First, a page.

Yamuna Chhath is observed with great devotion and enthusiasm by her devotees, especially in Mathura and Vrindavan, where she flows through. They take a holy dip in her waters at sunrise and sunset,
Skanda Sashti is a Hindu festival that is celebrated on the sixth day of the bright fortnight (Shukla Paksha) of the lunar month of Kartika (October-November). It is dedicated to Lord Skanda, also known as Murugan, Kartikeya, Subramanya, or Kumara, who is the son of Lord Shiva and Goddess Parvati. He is the commander-in-chief of the army of gods and the god of war.
Skanda Sashti commemorates the victory of Lord Skanda over the demon Soorapadman and his brothers Tarakasura and Simhamukha. According to legend, these demons had obtained a boon from Lord Brahma that they could only be killed by a son of Lord Shiva. However, Lord Shiva was in deep meditation and did not have any children. The gods requested Goddess Parvati to persuade him to marry her. She performed severe penance and finally won his heart. They got married and conceived a child with their divine energies.
Skandamata Puja is a Hindu festival that is celebrated on the fifth day of Navratri. It is dedicated to Goddess Skandamata, who is the mother of Lord Kartikeya, also known as Skanda. She is one of the nine forms of Goddess Durga and represents motherhood and children.
Skandamata Puja is performed for attaining salvation and freedom from worldly troubles. The devotees worship Skandamata by setting up an idol of her and purifying it with Ganga Jal. They offer red flowers, especially roses, to her as she loves them. They also chant mantras, stuti and slokas to invoke her blessings. Some of the mantras are:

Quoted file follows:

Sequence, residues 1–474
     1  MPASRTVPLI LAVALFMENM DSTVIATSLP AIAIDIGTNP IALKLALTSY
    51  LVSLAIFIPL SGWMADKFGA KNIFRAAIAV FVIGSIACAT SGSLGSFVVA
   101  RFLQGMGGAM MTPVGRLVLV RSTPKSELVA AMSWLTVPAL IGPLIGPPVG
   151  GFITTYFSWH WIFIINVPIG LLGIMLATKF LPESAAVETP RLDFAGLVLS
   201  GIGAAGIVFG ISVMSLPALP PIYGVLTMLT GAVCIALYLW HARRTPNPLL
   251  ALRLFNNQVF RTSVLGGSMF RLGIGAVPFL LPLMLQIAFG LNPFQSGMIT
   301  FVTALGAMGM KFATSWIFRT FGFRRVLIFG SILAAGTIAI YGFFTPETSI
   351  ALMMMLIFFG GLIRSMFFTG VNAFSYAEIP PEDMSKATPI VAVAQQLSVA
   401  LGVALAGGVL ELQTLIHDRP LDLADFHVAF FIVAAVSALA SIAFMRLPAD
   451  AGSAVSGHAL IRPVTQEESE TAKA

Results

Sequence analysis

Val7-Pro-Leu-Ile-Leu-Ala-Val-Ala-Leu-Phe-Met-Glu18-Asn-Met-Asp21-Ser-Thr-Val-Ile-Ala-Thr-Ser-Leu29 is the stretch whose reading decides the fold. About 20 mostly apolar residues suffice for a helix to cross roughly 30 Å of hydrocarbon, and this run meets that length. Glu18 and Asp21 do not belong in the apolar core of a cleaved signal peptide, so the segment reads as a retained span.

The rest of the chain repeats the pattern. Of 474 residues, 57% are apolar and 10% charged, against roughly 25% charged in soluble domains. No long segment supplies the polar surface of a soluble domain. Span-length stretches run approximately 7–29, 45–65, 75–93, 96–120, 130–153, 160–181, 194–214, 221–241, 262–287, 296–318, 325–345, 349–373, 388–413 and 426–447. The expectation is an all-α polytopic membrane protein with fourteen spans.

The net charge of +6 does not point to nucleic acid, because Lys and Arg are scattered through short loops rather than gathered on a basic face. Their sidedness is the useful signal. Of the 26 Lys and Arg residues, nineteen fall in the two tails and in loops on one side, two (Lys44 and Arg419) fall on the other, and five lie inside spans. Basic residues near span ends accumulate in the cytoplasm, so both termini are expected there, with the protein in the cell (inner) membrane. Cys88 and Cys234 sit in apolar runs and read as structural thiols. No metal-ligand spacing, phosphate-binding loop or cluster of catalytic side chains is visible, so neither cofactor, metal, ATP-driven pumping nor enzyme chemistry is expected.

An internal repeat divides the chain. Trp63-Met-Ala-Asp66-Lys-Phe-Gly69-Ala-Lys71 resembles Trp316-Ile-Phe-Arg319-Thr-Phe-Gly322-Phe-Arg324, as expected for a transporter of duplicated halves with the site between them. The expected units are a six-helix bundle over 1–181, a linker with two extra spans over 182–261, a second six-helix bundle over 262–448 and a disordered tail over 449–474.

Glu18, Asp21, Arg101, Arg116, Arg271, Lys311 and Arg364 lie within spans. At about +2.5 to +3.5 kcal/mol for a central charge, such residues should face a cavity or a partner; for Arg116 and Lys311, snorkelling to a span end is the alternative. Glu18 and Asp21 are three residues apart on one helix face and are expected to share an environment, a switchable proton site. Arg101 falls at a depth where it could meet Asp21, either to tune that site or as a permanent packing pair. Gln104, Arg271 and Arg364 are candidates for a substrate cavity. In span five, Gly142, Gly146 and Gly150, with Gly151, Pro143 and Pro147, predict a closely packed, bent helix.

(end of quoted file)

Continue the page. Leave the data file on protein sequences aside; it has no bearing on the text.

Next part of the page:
Naag Puja is a Hindu festival that is celebrated on the fifth day of the bright fortnight (Shukla Paksha) of Shravan month, which usually falls in July or August. It is a day dedicated to worshipping snakes or nagas, who are considered as divine beings in Hindu mythology. Naag Puja is also known as Nag Panchami or Naga Chaturthi.
Naag Puja has a special significance as it is believed that on this day, Lord Shiva blessed the snakes with immortality and protection from his snake-destroying weapon called Sudarshana Chakra. It is also said that on this day, Lord Krishna subdued the venomous snake Kaliya and saved the people of Vrindavan from his wrath.
The following are the steps for performing Naag Puja:
Lakshmi Panchami is a Hindu festival celebrated on the fifth day of the waxing moon phase (Shukla Paksha) of Chaitra month, which usually falls in March or April. It is a day dedicated to Goddess Lakshmi, the goddess of wealth and prosperity. Lakshmi Panchami is also known as Shri Panchami or Shri Vrat.
Lakshmi Panchami has a special significance as it marks the beginning of one Kalpa, which is a cosmic cycle of creation and destruction according to Hindu cosmology. It is believed that on this day, Goddess Lakshmi emerged from the ocean of milk during the churning of the sea by gods and demons. She then chose Lord Vishnu as her consort and blessed him with wealth and power.
The following are the steps for performing Lakshmi Panchami:
Varad Vinayaka Chauth is a Hindu festival celebrated on the fourth day of the waxing moon phase (Shukla Paksha) of every month. It is also known as Vinayaka Chaturthi or Ganesh Chaturthi. It is dedicated to Lord Ganesha, the elephant-headed god of wisdom, success and obstacle removal. Varad means “boon-giver” and Vinayaka means “leader of all”. Hence, Varad Vinayaka Chauth is a day to seek blessings and favours from Lord Ganesha.
Varad Vinayaka Chauth has a special significance during Navratri, a nine-day festival dedicated to Goddess Durga and her nine forms. On this day, Kushmanda Puja is also performed to worship the fourth form of Durga, who created the universe with her smile. She is also associated with Lord Ganesha as she gave him his elephant head.
The legend behind Varad Vinayaka Chauth is that once there was a sage named Vakratunda who had a daughte